On 5 December 1941, two days before Pearl Harbor, General Malony, the Deputy Chief of Staff, GHQ, commented on the “mission of GHQ” in these words: “The international situation is critical. Equipment is lacking. No adequate reserves are available. Experience to date indicates: (1) Transportation and delivery of supplies by the Navy is inefficient (Iceland); (2) Joint Board procedure is ponderous and provides no direct supervision... (3) War Department retains control in such detail as to make administration confusing; (4) War Department is not organized on a war basis.”9
In July, when planning and operational responsibilities had been given to GHQ; it had been decided that this headquarters was to be the executive agency of the War Department for “prompt decision and expeditious action,” providing effective “coordination, conduct and control” of operations.10 Though powers were delegated to it only “if, as, and when,” many officers at GHQ interpreted the step taken on 3 July as an action to implement the GHQ envisaged in the Harbord Report and embodied in the doctrine of the Army for twenty years. For several months after July 1941 the War Department, or at least the War Plans Division, adhered to that concept.11 Nevertheless, when the War Department delayed to give GHQ the power it needed or to create some other “spark plug” agency, it seemed at GHQ that the difficulty “boils down to the War Department not wanting to give up any authority.”12 By December, after five months of strenuous effort, General Malony, who had been charged with making GHQ work as a planning and operational headquarters, reached the discouraging conclusions stated above.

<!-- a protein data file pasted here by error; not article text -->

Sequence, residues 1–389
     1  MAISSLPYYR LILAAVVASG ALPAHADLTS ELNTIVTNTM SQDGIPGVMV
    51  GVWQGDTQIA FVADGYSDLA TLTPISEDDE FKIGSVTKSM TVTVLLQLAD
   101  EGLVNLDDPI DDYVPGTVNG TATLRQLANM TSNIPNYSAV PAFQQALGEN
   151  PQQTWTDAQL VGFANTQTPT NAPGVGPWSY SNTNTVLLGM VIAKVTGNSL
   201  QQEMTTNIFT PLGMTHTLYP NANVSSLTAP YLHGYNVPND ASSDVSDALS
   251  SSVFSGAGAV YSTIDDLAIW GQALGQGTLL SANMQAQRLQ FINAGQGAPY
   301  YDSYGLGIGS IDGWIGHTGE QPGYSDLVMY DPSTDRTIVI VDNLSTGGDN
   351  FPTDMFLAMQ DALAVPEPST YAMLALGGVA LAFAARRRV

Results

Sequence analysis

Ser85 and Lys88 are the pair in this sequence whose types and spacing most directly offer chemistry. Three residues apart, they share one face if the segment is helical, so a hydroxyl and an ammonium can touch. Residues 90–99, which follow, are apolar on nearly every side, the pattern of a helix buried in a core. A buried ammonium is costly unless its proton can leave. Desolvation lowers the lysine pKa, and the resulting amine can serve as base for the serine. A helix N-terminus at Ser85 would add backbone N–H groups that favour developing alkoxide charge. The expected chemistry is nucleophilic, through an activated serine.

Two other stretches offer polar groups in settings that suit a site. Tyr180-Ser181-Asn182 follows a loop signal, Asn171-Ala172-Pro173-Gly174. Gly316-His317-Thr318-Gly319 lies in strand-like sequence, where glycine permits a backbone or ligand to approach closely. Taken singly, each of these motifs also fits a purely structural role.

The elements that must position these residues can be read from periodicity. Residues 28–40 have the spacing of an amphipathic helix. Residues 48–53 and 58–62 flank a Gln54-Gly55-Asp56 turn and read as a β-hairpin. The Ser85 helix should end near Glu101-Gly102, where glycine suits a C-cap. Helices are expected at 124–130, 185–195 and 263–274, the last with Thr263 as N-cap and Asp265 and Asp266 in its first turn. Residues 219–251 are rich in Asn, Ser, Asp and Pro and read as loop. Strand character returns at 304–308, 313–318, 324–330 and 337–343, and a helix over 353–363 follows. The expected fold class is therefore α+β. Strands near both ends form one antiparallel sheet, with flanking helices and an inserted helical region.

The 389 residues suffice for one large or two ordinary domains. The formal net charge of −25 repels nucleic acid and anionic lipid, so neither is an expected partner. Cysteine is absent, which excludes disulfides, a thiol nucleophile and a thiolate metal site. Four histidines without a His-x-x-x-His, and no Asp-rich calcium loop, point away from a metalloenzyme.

Basic Problems Encountered in the Attempt to Strengthen GHQ(August-November 1941)